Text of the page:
If Reagan Tolerated GOP Moderates, Why Can't Today's Conservatives?

Two recent events have served to highlight some of the problems facing the Republican Party as it gropes its way forward toward an uncertain future.

The defection of Arlen Specter and the death of Jack Kemp both highlight in their own way the biggest question that will face the GOP for the foreseeable future: whether to build a majority party based on an ever-narrowing definition of who can join and receive support from the Republican Party or accept that there are different kinds of Republicans in different areas of the country who should have a say in party affairs.

Arlen Specter's defection says little about the GOP and much more about Specter himself, whom liberal Jonathan Chait referred to as an "unprincipled hack." Nevertheless, Specter's move across the aisle has intensified the conversation over ideological purity in the Republican Party and set off a bitter debate among conservatives and moderates over tactics and strategy.

Also, the death of former Congressman and 1996 vice presidential candidate Jack Kemp has reminded some conservatives that the GOP used to be a party that featured a much bigger tent, welcoming politicians like Kemp into the fold despite large disagreements on fundamental issues. During his political career, Kemp broke with the conservative base on "red-lining" by banks (discriminating against minorities in their lending practices), poverty programs, and, most notably, immigration reform. He was proud of his association with more moderate Republicans like Pete Dupont and counted many Democrats among his friends.

To say that Kemp would have been drummed out of the conservative movement today for his support for illegal alien amnesty is self-evident. But here was a politician who helped turn Ronald Reagan's ideas into policy, someone who probably agreed with the conservative base 90% of the time. How can any party or movement that seeks majority status so blithely dismiss conservatives like Kemp and refuse them a seat at the table?

The fact that there are many in the party who actually think it a good idea to shrink the GOP by subtracting less conservative, less ideological, more moderate members is incomprehensible. In the minority already, draining the Republican Party of anyone who fails to demonstrate what many conservative activists determine as sufficient enthusiasm for their agenda strikes me as madness.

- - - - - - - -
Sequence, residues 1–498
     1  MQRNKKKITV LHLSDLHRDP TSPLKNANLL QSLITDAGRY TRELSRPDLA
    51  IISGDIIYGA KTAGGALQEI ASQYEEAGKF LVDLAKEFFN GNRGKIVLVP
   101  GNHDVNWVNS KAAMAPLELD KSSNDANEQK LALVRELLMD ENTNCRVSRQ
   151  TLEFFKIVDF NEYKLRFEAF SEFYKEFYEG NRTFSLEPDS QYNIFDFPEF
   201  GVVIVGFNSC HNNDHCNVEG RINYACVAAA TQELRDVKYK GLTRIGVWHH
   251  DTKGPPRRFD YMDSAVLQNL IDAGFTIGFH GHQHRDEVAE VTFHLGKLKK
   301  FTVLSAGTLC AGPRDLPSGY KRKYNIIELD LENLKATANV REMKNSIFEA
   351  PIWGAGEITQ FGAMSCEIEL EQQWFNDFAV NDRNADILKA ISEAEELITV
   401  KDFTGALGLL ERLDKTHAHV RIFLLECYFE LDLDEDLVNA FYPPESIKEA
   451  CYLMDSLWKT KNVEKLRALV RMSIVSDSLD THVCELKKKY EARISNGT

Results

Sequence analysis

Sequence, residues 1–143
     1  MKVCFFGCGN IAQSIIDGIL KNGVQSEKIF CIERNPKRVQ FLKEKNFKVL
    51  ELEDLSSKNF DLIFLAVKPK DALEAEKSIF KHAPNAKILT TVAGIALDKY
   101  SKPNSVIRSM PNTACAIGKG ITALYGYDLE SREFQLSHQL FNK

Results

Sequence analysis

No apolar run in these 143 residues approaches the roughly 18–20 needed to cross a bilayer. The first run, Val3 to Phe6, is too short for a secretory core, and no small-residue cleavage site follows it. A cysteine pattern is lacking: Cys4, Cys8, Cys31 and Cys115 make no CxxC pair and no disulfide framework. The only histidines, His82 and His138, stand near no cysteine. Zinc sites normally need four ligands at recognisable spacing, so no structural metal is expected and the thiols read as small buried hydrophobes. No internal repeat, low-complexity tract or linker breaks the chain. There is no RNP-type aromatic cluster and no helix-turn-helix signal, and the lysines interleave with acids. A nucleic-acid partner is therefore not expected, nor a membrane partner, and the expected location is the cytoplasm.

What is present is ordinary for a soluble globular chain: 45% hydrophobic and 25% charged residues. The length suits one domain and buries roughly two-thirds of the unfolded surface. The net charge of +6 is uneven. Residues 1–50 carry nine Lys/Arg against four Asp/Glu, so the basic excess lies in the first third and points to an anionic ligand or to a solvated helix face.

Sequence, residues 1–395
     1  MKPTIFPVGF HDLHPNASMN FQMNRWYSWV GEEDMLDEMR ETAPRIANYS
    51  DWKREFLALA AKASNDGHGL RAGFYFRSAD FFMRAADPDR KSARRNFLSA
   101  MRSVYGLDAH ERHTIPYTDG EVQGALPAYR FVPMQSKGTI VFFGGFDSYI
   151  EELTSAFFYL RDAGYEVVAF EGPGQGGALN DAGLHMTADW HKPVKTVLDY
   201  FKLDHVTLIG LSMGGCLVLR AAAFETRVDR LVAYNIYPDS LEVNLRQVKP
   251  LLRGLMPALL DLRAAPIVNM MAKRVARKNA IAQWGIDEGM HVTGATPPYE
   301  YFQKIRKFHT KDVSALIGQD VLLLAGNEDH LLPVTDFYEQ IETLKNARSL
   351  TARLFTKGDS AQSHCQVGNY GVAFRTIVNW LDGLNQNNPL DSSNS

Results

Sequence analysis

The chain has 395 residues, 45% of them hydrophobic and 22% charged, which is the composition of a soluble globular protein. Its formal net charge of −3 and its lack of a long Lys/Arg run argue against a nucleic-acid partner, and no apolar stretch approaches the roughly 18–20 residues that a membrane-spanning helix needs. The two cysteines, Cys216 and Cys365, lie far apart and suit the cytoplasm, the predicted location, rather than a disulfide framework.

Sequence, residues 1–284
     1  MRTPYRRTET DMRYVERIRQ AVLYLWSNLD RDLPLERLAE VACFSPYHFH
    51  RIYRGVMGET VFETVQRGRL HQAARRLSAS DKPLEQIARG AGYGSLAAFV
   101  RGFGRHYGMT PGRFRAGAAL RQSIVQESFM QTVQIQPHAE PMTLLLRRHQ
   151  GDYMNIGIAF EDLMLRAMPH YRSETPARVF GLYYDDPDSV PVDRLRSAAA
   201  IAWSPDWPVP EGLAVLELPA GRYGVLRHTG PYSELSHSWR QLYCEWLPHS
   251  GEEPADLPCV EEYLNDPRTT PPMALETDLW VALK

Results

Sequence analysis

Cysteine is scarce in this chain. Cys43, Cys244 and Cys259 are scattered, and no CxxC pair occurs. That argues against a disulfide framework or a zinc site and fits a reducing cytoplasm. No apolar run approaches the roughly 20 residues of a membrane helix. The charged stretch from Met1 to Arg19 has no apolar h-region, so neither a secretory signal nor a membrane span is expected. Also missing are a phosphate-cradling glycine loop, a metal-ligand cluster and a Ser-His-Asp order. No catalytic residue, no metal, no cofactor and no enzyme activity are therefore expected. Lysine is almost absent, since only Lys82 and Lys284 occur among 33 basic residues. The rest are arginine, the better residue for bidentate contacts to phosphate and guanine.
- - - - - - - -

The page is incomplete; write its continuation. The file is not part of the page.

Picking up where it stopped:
It's not that the activists don't have a point. Tossing aside conservative principles and running candidates who offer little in the way of contrast to the Democrats would be useless. But at the same time, there has got to be some recognition that the party must expand beyond the 30% or so of the electorate who identify themselves as "conservative." Otherwise, you condemn the GOP to permanent minority status -- a regional, monochromatic grouping that would exist largely in the south and pockets of the Midwest and Mountain West.

To clarify, if the reason one holds to conservative principles is something beyond idly exercising one’s brain, it should be obvious that one of the purposes of conservatism is that it be realized as a governing philosophy. For that to happen, conservatives need a political vessel to translate thought into actions. This is where the Republican Party comes into play and why looking for reasons to include people rather than inventing reasons to exclude those with whom they disagree must be the number one goal for both activists and party regulars.

RNC Chairman Michael Steele is trying. But his comments at a recent party conclave in Wisconsin point up the difficulty in translating that idea into any kind of practical program:

"All you moderates out there, y'all come. I mean, that's the message," Steele said at a news conference. "The message of this party is this is a big table for everyone to have a seat. I have a place setting with your name on the front.

"Understand that when you come into someone's house, you're not looking to change it. You come in because that's the place you want to be."

Eh ... OK. Everyone can come in and sit down for the feast but if you are pro-choice, or pro-gay marriage, or pro-amnesty, kindly realize that no one is going to listen to you so you might as well keep your mouth shut. Meanwhile, your cousins and other relations can publicly chastise you for your different opinions, actively seek to undermine your re-election by running a primary challenger against you, deny you party support, and will stay at home on election day so a Democrat will probably defeat you anyway.

An exaggeration? Not by much if you listen to many conservatives on talk radio and the internet. For these activists, war has been declared on those they consider "establishment" Republicans or "elitists." Just what makes these animals dangerous is never articulated to a satisfactory degree. Sometimes, the transgression is as small as praising President Obama for something he's done. More serious violations include working with Democrats in Congress to solve problems, being pro-choice, or daring to say that the party has become too ideological and even too conservative to win in many states and districts around the country.

Activists and ideologues will tell you that they want candidates to adhere to "first principles" and that anyone who strays from their narrow interpretation of those principles should be shown the door. But is our understanding of these principles an intellectual monolith that brooks no deviation and no independent thought about what they actually mean? Can Republicans from differing parts of the country define these principles in different ways and still be thought of as party members?